The Art of Changing Jobs



So you are thinking of changing jobs? Whether you’re looking for Credit Risk jobs, roles in Analytics, Data, Modeling, SAS, Insight, Data Management or Marketing Analyst jobs, we’ve got some tips for you.


Why do you want to change roles?

First things first, before you go anywhere near updating your résumé or contacting recruiters, consider the reason you want to change jobs. If you like the one you’re in but want a pay rise or more responsibility – could you negotiate these rather than move to another company? We seriously advise you not to start your job search unless you really do intend to leave your current job.

Only when you feel there is no alternative should you start your search. Why do we say this? Simply because getting to the end of the recruitment process with a new company and then accepting a counter offer with your employer can be one of the most damaging career moves you can make for three very different but equally detrimental reasons.

Firstly, because the new company will feel you have completely wasted their time and money going through the process with you and that you have purely used them to get a pay rise, and secondly, your recruitment consultant will feel exactly the same.

Thirdly, your current employer will generally feel you have been disloyal and potentially greedy and someone they may need to watch in the future which means that future career prospects with your current company could be compromised. So this scenario can be a lose/lose for all four parties, including you!

 

So you're ready to change job

If your intentions are serious in moving to a new company, what should the next step be? Preparing your résumé is first and foremost – and remember to create different versions for different jobs, emphasizing different key skills you have to offer to different types of employer, (see our résumé advice for more detail).

Set objectives early on with regard to the salary you want to achieve, the location you want to work in and the minimum role requirements you will consider, and stick to them. If a consultant or potential employer tries to persuade you otherwise and make your choice of new job for you, you can stick to your guns and make sure it is you making the decision on your next career step.

Next is to plan your search and also set aside some time for interview availability. Decide on the type of role you will consider and the sort of organization you want to work for, once you’ve got a clear idea of these then approach your chosen recruitment consultants.

It is not always possible but consider booking some time off, so your consultant can work towards organizing interviews for you at convenient times. We would also always avoid searching for jobs in the run up to holidays, or if you are in the middle of any intensive or deadline critical work projects, personal commitments such as attending training courses, as good jobs may well come up and you will be unavailable for interview and miss out!

 

Be selective about which recruitment agencies you work with

It really is worth considering which recruitment consultancies would be best for you and your search. It is best to pick one or two you know have a good reputation and market coverage and only add to these if, after a few weeks, you are not happy with the opportunities being provided. This will also ensure you avoid loads of agencies calling you all day, everyday trying to set things up.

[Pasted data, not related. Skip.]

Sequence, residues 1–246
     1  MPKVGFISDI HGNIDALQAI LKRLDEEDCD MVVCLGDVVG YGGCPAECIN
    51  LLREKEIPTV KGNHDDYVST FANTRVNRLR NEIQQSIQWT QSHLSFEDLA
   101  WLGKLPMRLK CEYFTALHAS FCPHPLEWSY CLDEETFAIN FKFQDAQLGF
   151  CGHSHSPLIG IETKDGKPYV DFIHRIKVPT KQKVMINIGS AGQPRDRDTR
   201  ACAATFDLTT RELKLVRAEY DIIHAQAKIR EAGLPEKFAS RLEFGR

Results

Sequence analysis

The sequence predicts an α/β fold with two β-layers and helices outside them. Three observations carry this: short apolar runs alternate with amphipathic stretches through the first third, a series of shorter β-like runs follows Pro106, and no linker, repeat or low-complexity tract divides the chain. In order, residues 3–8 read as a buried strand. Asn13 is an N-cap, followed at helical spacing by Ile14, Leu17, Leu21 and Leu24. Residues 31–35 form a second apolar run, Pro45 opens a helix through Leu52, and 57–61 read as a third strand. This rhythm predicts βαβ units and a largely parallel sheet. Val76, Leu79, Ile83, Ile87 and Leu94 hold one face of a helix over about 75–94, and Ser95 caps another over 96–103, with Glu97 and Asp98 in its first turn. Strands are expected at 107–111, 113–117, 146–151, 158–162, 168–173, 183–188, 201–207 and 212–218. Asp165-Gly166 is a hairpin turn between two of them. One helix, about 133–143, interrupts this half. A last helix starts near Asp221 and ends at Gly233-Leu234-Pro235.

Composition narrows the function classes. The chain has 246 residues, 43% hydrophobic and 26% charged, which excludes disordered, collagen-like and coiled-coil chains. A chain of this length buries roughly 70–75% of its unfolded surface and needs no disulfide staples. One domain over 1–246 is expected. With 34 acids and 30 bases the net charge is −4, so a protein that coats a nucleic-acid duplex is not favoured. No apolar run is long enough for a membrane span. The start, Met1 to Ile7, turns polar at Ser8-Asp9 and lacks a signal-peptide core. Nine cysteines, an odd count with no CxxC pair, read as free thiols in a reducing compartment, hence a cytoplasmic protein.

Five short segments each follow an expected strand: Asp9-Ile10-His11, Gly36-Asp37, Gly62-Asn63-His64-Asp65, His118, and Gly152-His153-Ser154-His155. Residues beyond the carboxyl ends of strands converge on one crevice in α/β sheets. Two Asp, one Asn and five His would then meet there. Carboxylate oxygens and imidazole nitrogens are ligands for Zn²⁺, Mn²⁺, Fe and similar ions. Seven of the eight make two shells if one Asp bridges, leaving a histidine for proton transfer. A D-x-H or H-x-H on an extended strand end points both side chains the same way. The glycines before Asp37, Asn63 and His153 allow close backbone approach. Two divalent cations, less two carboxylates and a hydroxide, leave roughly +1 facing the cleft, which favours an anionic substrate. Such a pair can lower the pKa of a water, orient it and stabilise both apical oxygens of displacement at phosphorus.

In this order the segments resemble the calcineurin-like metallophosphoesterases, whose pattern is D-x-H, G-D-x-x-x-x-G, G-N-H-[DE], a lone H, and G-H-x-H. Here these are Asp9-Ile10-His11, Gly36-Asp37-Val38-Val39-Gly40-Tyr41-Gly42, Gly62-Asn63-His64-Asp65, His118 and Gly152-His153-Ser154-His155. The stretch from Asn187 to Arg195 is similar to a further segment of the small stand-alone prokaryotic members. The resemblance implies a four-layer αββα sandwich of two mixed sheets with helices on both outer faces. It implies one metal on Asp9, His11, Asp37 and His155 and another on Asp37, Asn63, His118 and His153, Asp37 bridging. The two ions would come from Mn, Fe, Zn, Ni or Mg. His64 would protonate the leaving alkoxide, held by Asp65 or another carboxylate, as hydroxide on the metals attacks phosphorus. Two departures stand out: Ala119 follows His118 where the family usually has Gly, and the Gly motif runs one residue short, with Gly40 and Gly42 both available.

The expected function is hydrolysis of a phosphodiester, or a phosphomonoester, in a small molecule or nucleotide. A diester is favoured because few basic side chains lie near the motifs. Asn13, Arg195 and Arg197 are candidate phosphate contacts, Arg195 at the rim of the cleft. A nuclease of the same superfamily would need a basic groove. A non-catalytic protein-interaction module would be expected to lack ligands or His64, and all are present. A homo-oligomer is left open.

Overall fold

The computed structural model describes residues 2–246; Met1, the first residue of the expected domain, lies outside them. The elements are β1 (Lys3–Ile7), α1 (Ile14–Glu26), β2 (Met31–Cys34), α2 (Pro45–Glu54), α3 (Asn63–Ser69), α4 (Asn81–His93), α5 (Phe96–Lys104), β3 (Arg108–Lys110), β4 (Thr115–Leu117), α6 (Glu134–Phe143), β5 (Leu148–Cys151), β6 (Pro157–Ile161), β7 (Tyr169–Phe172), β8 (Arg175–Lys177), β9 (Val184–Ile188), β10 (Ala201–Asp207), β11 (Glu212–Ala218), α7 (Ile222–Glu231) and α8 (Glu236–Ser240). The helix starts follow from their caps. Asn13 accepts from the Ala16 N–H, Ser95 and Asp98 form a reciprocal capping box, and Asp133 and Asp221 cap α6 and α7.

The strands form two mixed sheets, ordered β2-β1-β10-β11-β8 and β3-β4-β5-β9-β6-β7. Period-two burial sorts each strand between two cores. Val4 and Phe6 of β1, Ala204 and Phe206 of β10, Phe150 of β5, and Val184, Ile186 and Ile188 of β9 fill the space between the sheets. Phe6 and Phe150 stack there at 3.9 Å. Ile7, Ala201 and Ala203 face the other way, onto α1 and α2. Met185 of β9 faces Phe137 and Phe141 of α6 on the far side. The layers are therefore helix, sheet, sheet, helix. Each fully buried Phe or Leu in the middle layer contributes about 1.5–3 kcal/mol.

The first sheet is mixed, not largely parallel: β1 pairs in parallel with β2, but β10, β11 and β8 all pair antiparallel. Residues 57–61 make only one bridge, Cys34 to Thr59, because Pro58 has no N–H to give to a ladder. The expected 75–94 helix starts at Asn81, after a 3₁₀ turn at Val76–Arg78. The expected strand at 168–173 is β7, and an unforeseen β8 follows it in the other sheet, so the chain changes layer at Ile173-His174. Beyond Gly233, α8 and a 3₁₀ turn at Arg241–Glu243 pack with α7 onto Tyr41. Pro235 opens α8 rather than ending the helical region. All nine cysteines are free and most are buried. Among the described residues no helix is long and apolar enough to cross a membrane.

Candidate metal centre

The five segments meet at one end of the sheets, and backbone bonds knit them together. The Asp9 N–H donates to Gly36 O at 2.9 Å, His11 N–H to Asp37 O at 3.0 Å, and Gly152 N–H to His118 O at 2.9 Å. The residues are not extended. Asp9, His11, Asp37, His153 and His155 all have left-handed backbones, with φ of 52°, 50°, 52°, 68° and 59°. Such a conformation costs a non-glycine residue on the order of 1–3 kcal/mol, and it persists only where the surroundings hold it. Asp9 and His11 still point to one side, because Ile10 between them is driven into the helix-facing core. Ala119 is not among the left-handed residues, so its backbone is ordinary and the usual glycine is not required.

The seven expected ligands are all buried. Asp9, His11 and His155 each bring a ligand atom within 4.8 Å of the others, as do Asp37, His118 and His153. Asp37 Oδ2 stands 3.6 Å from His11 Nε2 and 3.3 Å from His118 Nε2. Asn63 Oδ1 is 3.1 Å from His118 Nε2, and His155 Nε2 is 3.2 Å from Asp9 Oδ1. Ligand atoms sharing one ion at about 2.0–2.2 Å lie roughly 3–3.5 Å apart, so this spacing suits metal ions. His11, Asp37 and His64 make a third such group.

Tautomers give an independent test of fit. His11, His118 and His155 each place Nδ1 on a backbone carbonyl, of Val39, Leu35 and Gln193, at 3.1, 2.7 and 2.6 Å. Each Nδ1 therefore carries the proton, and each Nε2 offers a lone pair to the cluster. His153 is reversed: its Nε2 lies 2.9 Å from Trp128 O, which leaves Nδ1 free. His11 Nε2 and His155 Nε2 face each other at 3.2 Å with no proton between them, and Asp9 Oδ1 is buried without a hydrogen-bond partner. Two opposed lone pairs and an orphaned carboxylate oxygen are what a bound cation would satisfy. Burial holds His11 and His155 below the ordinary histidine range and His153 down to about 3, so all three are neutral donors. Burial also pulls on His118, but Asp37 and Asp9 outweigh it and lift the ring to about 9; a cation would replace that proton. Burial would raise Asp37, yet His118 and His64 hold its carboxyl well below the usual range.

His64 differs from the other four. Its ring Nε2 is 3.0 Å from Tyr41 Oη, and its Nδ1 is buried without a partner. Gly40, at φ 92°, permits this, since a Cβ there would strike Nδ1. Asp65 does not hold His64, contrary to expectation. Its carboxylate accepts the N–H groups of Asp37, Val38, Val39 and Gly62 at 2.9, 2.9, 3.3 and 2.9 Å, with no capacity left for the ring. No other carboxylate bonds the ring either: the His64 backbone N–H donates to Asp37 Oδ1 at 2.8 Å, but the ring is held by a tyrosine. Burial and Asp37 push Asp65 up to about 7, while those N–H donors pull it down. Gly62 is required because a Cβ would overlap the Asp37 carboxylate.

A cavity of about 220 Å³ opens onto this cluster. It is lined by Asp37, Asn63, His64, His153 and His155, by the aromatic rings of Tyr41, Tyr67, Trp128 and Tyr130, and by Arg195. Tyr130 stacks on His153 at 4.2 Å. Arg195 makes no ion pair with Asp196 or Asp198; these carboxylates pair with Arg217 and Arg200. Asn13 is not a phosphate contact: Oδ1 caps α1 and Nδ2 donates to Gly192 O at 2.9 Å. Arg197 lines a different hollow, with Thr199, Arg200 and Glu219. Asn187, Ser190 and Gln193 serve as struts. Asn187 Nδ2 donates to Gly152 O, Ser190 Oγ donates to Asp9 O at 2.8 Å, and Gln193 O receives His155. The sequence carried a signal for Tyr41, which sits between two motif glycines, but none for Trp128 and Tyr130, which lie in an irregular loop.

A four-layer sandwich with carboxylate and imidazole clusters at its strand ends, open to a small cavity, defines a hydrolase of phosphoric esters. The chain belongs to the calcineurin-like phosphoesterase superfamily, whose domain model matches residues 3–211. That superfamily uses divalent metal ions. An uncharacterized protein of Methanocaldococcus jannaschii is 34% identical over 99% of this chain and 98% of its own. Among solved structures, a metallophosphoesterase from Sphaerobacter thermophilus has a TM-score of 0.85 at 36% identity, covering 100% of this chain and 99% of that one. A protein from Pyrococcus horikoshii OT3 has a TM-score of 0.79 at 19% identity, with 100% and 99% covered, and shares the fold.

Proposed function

It can be very obvious to your current employer that you are looking for a new job if you suddenly start to receive a high volume of ‘personal’ calls and attending to these is also very time consuming.

In the world of Data and Analytics, it’s a candidate market right now but that doesn’t mean companies will wait for ever for your decision if they offer you a job. By the same token, no company that you would want to work for should demand an immediate answer on a job offer - a respectable decision time is up to 48hrs. If you experience companies wanting an immediate decision, be very dubious, sometimes it can be a sales tactic from a recruitment consultant (internal or external). Would any company worth its salt really want employees that they had coerced in to taking a job? A respectable employer will want the decision to be the right one for their new employee – and will give you the time to consider everything fully and make an informed decision.

 

You've got the offer - now what?

Any longer than 48 hours though and an employer may get cold feet  - if you want a job you don’t need longer than that to look through the contract and consider all the options regarding salary offered, travel, work-life balance and anything else that is important to you regarding your working day. If you are delaying, there is a reason and normally it is because the role is not what you really want, or perhaps you are waiting on another potential offer before you choose? It is also reasonable to assume that the employer normally has other strong candidates who made it to final stage interview and they don’t want to risk losing them and starting the whole recruitment process from new.

Last but by no means least, you need to make sure you don’t end up with no job at all if an offer doesn’t materialize that you thought was a sure fire certainty. Don’t hand your notice in until you have something in writing from your new employer that you have signed and sent back.


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